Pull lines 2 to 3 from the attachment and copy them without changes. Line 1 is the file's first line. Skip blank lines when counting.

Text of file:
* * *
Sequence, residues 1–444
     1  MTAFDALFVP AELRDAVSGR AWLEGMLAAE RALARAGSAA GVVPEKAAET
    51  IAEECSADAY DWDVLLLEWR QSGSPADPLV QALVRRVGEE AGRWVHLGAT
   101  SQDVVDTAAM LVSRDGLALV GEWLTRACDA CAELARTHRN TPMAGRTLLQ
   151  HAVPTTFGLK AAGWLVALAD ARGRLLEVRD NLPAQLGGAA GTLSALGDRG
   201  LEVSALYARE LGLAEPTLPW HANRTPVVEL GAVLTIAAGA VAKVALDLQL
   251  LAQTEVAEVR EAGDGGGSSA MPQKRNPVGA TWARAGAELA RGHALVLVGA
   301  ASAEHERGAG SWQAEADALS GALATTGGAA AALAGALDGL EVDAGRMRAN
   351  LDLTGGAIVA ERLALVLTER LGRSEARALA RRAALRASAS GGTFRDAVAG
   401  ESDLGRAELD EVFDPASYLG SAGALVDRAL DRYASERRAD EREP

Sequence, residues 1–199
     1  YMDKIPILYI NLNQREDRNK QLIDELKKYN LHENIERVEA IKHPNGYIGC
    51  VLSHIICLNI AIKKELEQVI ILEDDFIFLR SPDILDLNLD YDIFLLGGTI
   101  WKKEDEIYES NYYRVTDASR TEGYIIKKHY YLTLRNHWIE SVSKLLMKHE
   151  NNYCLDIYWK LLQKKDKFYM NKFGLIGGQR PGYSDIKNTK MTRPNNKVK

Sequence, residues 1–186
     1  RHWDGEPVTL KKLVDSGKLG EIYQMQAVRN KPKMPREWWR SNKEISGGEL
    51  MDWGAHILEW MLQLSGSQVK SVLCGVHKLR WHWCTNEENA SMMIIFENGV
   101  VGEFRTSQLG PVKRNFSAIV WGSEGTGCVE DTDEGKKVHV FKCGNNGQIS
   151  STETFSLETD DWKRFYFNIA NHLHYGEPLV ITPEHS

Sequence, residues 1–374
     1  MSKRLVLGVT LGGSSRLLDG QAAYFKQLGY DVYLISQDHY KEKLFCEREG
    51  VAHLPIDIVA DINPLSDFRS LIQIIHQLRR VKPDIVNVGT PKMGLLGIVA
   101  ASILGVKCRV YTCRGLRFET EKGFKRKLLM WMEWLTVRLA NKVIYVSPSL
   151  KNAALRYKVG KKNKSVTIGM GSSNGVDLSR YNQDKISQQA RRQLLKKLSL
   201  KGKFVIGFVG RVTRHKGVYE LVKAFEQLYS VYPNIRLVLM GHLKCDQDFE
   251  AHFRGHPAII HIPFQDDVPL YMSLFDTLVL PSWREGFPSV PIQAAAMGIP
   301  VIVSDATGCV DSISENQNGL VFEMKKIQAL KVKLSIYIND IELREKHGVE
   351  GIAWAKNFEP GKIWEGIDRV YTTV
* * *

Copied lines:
     1  MTAFDALFVP AELRDAVSGR AWLEGMLAAE RALARAGSAA GVVPEKAAET
    51  IAEECSADAY DWDVLLLEWR QSGSPADPLV QALVRRVGEE AGRWVHLGAT